Decade in feature films, TV shows, documentaries, books, blogs
SI.com selects the best (and worst) sports movies, TV shows, books and blogs of the 2000s.
For the first two acts,
As over-the-hill grappler Randy "The Ram" Robinson in
The title and premise might be enough to scare off most red-blooded American sports fans: a cross-cultural comedy about a plucky Indian teenager from West London (
The biopic of unlikely Depression-era champion
The best sports documentary since the 1994 classic
The greatest art-house sports movie of all-time. For the duration of a 2005 match between Real Madrid and Villareal before 80,000 fans at the Bernabeu, artist-filmmakers
To some, the experimental cinema and hypnotic beauty of
Behold the birth of extreme sports.
Perhaps the most memorable meeting in the longrunning Ancient Eight rivalry between Harvard and Yale came in 1968, when the heavy underdog Crimson scored two touchdowns -- and a pair of two-point conversions -- in the final 42 seconds to escape with the "victory" revealed in the title. Director
HBO's outstanding monthly newsmagazine keeps getting better nearly 15 years since its debut. An all-star team of correspondents -- among them
Virtually unseen outside Canada,
UFC commissioner and ace promoter
There's plenty to savor about ESPN's first original dramatic series as long as you take it for what it is: pure, unadulterated camp.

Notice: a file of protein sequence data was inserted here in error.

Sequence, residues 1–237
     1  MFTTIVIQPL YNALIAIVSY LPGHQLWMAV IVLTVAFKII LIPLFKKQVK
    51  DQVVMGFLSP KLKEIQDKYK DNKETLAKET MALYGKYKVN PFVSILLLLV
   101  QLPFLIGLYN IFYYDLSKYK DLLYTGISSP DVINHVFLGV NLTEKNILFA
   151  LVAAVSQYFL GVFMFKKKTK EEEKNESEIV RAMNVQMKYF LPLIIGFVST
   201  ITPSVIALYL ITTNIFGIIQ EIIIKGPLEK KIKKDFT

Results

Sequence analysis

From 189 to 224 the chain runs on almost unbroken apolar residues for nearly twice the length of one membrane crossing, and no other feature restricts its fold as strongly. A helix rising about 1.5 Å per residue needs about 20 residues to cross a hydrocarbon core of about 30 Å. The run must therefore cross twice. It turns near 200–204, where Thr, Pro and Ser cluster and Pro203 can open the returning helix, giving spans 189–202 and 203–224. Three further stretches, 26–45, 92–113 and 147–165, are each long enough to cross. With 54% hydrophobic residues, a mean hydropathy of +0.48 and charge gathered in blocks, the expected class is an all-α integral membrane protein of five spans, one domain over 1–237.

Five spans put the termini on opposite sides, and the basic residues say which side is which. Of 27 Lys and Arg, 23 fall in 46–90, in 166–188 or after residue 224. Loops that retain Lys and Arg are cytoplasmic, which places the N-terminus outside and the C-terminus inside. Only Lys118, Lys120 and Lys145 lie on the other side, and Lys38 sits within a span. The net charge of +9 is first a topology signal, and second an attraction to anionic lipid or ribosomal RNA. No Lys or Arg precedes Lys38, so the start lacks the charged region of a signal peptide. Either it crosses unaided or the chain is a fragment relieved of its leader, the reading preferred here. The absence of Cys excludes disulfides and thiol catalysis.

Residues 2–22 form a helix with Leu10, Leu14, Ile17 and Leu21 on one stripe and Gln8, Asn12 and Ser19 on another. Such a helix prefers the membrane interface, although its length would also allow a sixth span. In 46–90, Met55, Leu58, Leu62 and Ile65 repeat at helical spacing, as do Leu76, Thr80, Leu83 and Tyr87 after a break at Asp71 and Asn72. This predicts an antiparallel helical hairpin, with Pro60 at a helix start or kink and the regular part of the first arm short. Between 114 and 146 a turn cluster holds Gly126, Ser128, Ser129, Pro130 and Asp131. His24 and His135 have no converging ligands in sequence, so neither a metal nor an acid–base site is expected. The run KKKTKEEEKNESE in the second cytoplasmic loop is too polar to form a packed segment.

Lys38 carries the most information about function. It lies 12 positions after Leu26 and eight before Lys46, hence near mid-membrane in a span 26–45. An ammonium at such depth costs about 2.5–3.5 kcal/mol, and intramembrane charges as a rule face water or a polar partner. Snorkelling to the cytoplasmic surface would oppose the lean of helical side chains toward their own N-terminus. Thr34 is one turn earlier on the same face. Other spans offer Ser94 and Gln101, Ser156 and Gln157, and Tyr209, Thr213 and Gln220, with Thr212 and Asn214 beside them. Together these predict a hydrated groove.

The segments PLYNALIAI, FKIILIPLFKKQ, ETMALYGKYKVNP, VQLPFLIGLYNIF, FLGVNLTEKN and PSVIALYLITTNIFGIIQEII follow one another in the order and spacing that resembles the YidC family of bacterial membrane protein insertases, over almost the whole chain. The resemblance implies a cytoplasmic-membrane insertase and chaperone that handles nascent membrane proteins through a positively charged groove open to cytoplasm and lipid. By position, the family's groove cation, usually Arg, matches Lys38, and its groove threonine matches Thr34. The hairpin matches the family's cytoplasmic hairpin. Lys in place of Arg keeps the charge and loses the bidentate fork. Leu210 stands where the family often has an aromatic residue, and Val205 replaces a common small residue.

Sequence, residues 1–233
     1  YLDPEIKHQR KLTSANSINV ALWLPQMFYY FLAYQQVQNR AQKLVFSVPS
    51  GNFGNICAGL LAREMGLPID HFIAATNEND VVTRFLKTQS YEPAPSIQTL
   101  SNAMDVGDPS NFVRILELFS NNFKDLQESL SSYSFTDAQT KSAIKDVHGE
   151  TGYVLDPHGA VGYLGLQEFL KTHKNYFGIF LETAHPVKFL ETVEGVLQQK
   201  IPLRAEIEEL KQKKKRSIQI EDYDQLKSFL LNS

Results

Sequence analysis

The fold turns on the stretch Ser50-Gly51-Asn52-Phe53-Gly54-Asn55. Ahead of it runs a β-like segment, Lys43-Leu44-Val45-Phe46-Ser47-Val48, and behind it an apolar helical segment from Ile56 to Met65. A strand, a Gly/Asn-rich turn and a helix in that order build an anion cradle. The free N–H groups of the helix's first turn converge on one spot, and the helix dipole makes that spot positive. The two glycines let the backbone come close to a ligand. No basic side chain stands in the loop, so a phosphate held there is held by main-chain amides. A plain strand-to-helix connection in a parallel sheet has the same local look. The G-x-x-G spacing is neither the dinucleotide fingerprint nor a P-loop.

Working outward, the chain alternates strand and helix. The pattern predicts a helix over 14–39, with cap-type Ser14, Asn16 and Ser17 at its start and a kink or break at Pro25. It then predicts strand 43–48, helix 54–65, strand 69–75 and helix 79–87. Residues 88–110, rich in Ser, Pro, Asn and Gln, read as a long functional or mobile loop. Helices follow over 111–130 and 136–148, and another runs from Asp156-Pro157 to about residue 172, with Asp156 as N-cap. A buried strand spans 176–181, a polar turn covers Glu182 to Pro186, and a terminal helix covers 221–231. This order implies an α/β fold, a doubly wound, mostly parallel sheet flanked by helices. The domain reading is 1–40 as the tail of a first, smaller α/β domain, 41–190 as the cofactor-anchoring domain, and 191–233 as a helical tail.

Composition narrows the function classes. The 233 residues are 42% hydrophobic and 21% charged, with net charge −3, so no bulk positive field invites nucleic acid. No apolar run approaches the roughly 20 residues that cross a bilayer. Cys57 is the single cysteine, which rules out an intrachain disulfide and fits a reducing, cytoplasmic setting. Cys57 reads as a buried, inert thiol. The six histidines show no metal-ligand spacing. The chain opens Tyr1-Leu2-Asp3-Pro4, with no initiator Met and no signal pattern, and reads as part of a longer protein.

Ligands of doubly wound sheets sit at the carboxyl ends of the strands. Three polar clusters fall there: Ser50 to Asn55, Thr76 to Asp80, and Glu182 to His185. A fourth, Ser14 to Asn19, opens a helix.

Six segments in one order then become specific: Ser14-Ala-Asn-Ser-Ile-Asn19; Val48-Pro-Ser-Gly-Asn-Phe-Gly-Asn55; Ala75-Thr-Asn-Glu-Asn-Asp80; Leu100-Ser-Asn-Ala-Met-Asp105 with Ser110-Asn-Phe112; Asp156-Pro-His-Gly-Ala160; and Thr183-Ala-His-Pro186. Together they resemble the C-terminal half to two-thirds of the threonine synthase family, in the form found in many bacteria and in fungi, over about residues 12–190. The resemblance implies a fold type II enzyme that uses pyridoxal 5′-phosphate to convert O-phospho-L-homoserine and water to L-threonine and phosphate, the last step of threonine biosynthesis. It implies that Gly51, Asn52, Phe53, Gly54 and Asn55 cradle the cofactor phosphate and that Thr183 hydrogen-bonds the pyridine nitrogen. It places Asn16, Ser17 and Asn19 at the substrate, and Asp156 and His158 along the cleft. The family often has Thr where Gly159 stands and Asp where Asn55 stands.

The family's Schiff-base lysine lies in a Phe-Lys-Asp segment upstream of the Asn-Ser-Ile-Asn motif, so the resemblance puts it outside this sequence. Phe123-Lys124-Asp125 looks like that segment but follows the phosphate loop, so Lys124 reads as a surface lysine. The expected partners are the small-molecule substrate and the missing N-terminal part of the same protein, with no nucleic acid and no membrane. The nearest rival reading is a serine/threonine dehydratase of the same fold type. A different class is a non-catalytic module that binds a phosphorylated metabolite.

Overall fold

Say what you want about
The first and (arguably) only sports blog to truly penetrate the cultural mainstream boasts sports news "without access, favor or discretion" -- but with a snark and acerbity that's given it a widespread appeal. Featuring commentary and recaps of the day's major sports news and gossip, the Gawker-owned blog first shone when various MSM outlets cited Deadspin stories, among them
Early scoops ranged from hard news (like
Many personnel people in the league read PFT every day, thus influencing the way front offices conduct business. The blog has sources inside league offices, lending authority to injury tips. Yes, PFT has fallen off since "going corporate" and signing a deal with NBC Sports in June 2009, but
The slogan -- "Where Bad Sports Journalism Comes To Die" -- tells you everything you need to know. The brainchild of comedy writers
Former sportswriter and
BadJocks.com -- "where COPS meets SportsCenter" -- existed years before